5 Questions To Ask When Deciding To Refurbish Or Replace Furniture


Refurbish or Replace? That Is The Question.

As you sort through your things before a move, you might wonder whether or not it’s worth it to refurbish older pieces. The answer depends on the age of the piece, its sentimental and economic value, and its current condition. However, deciding if furniture is worth keeping might seem harder than it looks, especially if it has a lot of sentimental value. Here are five questions to ask yourself when deciding to refurbish or replace a piece of furniture. SEE ALSO: 5 Red Flags That Indicate A Moving Scam

1. Is It Sturdy?

Is the table you’re considering keeping leaning a weird way? Is the armchair you want to keep wobbly and about to break? If your furniture isn’t in optimal condition, then you’ll need to refurbish it in some way. This can include anything from adding a few more nails to reupholstering, so you’ll also have to evaluate how much effort it’ll take to fix it.

2. Is It Fixable?

An unnatural creak in a rocking chair is a small problem. A significant break in the foundation of the frame of a sofa is a whole different ballgame. Different problems will take different lengths of time and different amounts of money to fix. If you simply need to repaint a bookcase, it’s probably worth it. Anything that will take more than a day’s worth of work, or will require hiring other people to help, should be reconsidered.

3. How Much Does It Mean To You?

Sentimental value can often eclipse the cash value of an item. With items where sentimental cost is greater than the actual value, you’ll want to get an opinion from someone you trust—like a friend or family member. Before deciding to keep or discard it, weigh the pros and cons of each, and make an informed decision. You don’t want to realize too late that the sofa your grandmother gave you meant more to you than you initially thought.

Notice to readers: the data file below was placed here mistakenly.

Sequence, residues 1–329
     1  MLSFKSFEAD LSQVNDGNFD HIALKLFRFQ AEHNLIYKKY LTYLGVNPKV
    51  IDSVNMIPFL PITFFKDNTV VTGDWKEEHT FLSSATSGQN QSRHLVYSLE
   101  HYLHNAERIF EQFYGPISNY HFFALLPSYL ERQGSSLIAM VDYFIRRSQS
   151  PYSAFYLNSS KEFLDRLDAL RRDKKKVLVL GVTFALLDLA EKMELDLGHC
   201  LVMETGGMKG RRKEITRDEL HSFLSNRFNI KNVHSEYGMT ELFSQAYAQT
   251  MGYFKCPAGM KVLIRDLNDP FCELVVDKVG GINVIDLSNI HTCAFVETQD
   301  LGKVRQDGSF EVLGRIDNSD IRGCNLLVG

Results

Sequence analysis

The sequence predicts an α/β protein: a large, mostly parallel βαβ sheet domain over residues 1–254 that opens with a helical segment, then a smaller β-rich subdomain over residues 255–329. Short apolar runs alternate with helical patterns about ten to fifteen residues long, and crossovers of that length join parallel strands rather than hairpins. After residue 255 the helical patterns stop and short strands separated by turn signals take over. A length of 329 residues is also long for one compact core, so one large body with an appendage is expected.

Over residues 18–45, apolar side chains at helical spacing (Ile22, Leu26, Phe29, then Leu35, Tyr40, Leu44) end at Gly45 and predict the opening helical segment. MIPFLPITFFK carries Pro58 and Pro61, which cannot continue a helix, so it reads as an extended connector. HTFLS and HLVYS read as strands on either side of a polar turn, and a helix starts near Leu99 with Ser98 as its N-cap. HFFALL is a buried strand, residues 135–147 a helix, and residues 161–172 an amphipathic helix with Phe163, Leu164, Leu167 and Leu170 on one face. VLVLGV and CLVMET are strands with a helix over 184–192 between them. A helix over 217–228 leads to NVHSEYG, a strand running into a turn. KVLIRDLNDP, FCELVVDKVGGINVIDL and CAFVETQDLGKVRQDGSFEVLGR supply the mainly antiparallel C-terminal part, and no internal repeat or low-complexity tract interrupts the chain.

4. How Much Will It Cost To Get A New One?

Did you know that reupholstering an arm chair can cost anywhere from $200 to $500? Considering the cost of buying an armchair at a regular furniture store, you might want to reconsider investing that much in mom’s old recliner. A simple way to see if refurbishing is a better option than buying new is to take the total cost of the refurbish and compare it to the cost to buy a new piece of furniture of a similar quality. For example, if it will cost $300 to refurbish a chair your mother gave you and $250 to buy something comparable, you might want to buy a new chair.

5. Can You Donate/Sell It?

If you decide not to keep your furniture, don’t put it on the curb just yet. Donating or selling your furniture can give you a tax deduction or a little extra cash in your pocket. Where you donate or sell your item also matters, because some places yield bigger returns. For example, if you donate a sofa to Goodwill, you might not get very much out of it. However, if you sell it, you might be able to recoup about one third of the retail value. SEE ALSO: What You Need To Know About Tax Deductions For Moving You may also be able to sell your furniture for parts, especially if it is metal. Leave the piece intact if you plan on doing this, though. It might be harder to sell for parts if you have taken it apart. Deciding what to keep and what to get rid of before a move can be an emotionally and physically trying process. However, with some knowledge and the right attitude, you can sort through your furniture like a master.

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